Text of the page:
Complementary synthetic transcription elongation factor (Syn-TEF1) and interferon (IFN)-c-1b, a recombinant cytokine, have also emerged as molecular approaches with potential application in FA treatment.
Syn-TEF1 allows for FXN transcription under GAA repeat expansion-induced pausing of RNA polymerase II activity. Studies in several FA cell models recapitulating different stages of the disease, as well as in a mouse model, supported its specificity and efficacy. The safety, brain penetrability, and efficacy of Syn-TEF1 remains to be explored in further in vivo studies and clinical trials.
Read more about the complications of FA
The ability of IFN-c-1b to enhance FXN expression has been demonstrated in various cell types with promising therapeutic outcomes in animal studies. However, a 6-month, double-blind trial failed to show improvement in modified Friedreich’s Ataxia Rating Scale scores and FXN levels vs placebo.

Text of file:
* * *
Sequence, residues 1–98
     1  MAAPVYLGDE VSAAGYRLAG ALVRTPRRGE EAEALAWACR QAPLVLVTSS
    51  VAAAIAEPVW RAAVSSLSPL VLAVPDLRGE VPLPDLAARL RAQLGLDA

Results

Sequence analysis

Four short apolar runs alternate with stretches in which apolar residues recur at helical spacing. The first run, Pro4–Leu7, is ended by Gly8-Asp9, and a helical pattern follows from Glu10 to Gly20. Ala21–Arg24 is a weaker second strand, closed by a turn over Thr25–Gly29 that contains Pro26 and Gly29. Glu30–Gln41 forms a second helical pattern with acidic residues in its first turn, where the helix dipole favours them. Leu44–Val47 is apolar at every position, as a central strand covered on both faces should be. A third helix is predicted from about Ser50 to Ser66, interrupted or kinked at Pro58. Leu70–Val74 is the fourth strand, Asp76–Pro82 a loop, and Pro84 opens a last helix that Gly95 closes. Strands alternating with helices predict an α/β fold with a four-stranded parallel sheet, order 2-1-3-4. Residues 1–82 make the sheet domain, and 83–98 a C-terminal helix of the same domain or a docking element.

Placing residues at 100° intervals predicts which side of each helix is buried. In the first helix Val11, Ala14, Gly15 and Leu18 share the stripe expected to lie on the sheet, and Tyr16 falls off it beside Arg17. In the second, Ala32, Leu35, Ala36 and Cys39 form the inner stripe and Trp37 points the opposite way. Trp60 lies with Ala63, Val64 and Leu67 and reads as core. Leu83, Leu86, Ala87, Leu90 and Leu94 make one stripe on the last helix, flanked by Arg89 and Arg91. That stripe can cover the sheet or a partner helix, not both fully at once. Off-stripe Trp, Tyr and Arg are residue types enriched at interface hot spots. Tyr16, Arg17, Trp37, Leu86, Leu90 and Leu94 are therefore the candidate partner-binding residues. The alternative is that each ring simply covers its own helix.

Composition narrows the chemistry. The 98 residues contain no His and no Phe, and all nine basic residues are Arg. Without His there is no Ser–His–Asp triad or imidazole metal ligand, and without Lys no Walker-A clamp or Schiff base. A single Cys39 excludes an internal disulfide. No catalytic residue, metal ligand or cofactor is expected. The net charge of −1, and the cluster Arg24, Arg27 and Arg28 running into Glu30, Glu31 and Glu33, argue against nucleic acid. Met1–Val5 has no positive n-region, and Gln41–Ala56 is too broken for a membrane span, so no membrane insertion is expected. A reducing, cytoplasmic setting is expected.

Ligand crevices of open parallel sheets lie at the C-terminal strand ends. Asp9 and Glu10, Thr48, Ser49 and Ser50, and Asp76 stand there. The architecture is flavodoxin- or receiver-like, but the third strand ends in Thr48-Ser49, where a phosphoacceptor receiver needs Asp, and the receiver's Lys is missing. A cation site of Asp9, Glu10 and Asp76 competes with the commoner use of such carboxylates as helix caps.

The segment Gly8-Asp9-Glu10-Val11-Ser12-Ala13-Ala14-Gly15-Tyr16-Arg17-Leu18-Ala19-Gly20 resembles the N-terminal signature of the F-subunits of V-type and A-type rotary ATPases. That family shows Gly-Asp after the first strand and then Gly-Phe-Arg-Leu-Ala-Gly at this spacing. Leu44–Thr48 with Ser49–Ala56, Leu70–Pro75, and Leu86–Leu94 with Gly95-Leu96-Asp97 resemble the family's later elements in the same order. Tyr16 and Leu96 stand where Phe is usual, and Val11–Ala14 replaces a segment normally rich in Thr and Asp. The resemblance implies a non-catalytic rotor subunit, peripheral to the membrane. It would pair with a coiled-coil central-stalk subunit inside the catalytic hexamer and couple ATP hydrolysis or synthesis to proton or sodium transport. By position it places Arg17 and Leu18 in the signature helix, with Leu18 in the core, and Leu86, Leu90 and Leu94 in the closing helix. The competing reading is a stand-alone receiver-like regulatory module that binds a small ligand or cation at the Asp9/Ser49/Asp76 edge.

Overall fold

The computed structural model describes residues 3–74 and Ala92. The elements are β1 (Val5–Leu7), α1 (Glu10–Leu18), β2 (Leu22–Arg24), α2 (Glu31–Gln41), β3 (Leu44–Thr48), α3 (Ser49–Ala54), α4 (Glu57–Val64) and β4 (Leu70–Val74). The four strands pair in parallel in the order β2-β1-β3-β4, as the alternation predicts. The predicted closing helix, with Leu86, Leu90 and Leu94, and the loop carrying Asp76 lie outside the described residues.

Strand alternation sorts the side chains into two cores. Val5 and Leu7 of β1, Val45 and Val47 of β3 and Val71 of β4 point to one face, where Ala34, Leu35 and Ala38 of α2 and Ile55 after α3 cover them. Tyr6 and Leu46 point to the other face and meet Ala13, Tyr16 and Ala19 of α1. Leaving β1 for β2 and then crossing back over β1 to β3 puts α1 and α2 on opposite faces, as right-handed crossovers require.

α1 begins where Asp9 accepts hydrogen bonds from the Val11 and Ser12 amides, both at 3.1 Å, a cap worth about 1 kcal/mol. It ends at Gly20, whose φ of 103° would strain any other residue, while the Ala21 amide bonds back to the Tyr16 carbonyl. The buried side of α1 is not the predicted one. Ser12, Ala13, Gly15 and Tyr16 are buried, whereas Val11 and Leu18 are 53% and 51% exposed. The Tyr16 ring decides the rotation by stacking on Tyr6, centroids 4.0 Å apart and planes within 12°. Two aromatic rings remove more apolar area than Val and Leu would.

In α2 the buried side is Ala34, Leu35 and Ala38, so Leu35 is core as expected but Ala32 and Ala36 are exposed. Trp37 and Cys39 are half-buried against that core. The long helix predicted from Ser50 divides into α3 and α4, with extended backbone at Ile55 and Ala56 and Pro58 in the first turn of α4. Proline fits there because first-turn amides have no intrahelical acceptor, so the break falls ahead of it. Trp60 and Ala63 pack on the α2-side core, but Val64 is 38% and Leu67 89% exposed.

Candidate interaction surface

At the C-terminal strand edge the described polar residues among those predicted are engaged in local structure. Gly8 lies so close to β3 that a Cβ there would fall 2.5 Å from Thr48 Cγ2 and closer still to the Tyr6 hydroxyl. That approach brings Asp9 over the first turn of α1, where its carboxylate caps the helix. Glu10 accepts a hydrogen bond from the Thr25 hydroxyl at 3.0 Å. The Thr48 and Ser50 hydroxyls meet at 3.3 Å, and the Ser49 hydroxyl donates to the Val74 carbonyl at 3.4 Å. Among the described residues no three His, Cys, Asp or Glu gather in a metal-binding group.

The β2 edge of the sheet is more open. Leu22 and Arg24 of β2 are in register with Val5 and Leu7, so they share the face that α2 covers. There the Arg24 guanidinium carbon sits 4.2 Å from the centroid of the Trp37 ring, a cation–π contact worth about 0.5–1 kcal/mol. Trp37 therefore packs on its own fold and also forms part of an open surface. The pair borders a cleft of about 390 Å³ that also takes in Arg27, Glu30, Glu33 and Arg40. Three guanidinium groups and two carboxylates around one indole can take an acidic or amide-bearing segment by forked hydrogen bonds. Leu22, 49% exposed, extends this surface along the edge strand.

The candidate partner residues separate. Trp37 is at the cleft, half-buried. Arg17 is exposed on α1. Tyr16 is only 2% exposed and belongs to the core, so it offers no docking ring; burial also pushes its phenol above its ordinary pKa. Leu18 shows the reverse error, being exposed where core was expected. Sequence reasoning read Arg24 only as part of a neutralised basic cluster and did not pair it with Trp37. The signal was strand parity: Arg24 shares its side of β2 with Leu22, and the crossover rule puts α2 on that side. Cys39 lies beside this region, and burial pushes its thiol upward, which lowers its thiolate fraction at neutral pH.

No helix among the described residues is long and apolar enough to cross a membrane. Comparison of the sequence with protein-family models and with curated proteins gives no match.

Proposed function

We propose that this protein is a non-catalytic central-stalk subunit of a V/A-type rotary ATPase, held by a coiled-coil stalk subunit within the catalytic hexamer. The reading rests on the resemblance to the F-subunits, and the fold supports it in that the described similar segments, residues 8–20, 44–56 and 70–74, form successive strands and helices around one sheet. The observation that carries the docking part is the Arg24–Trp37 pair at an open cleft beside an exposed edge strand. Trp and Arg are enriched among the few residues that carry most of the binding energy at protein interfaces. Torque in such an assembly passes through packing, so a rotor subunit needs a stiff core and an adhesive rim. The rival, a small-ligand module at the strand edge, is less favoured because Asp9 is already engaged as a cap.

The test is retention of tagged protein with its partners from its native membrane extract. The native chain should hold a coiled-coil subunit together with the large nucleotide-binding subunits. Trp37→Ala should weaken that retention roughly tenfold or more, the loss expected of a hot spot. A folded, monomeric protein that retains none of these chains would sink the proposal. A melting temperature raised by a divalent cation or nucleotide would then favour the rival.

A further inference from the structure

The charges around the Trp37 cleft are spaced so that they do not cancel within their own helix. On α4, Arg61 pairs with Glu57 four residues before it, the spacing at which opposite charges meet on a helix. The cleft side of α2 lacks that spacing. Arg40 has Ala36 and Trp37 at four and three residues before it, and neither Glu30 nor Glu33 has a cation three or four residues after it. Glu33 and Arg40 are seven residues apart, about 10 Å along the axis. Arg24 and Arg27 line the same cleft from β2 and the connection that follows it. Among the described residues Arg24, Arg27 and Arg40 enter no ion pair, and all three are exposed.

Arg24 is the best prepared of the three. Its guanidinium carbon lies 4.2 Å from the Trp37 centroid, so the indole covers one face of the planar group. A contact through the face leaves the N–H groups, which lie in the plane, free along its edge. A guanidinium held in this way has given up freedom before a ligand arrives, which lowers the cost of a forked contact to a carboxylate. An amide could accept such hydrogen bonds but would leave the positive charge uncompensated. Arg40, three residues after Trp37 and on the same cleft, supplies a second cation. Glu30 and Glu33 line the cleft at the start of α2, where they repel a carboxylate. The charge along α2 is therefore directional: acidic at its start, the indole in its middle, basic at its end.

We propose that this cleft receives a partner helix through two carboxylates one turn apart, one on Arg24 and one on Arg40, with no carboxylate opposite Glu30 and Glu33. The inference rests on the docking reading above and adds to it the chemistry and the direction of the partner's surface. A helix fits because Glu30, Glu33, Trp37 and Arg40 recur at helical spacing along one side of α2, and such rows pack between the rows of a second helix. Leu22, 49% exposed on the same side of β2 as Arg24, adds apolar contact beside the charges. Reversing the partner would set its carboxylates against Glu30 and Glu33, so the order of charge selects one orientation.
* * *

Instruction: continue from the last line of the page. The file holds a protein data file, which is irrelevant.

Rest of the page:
“The heterogenetic nature of FA might well dictate the need to use a combination of treatment modalities for effective and individualized treatment of patients,” said Yang and colleagues.
The investigation of combination therapies is still in its very early stages. Current studies only tested the combination of deferiprone with idebenone, and none revealed any significant beneficial outcomes in alleviating neurological dysfunction and cardiac complications. Only 1 study demonstrated a slight improvement in reducing cardiac lesions in patients with FA. However, all studies were limited by small sample size and selection bias.
Further studies are required to confirm the potential added value of this and other combination therapies in FA.
Yang W, Thompson B, Kwa FAA. Molecular approaches for the treatment and prevention of Friedreich’s ataxia. Drug Discov Today. 2022;27(3):866-880. doi:10.1016/j.drudis.2021.11.003
FDA approves first treatment for Friedreich’s ataxia. News release. U.S Food & Drug Administration; February 28, 2023.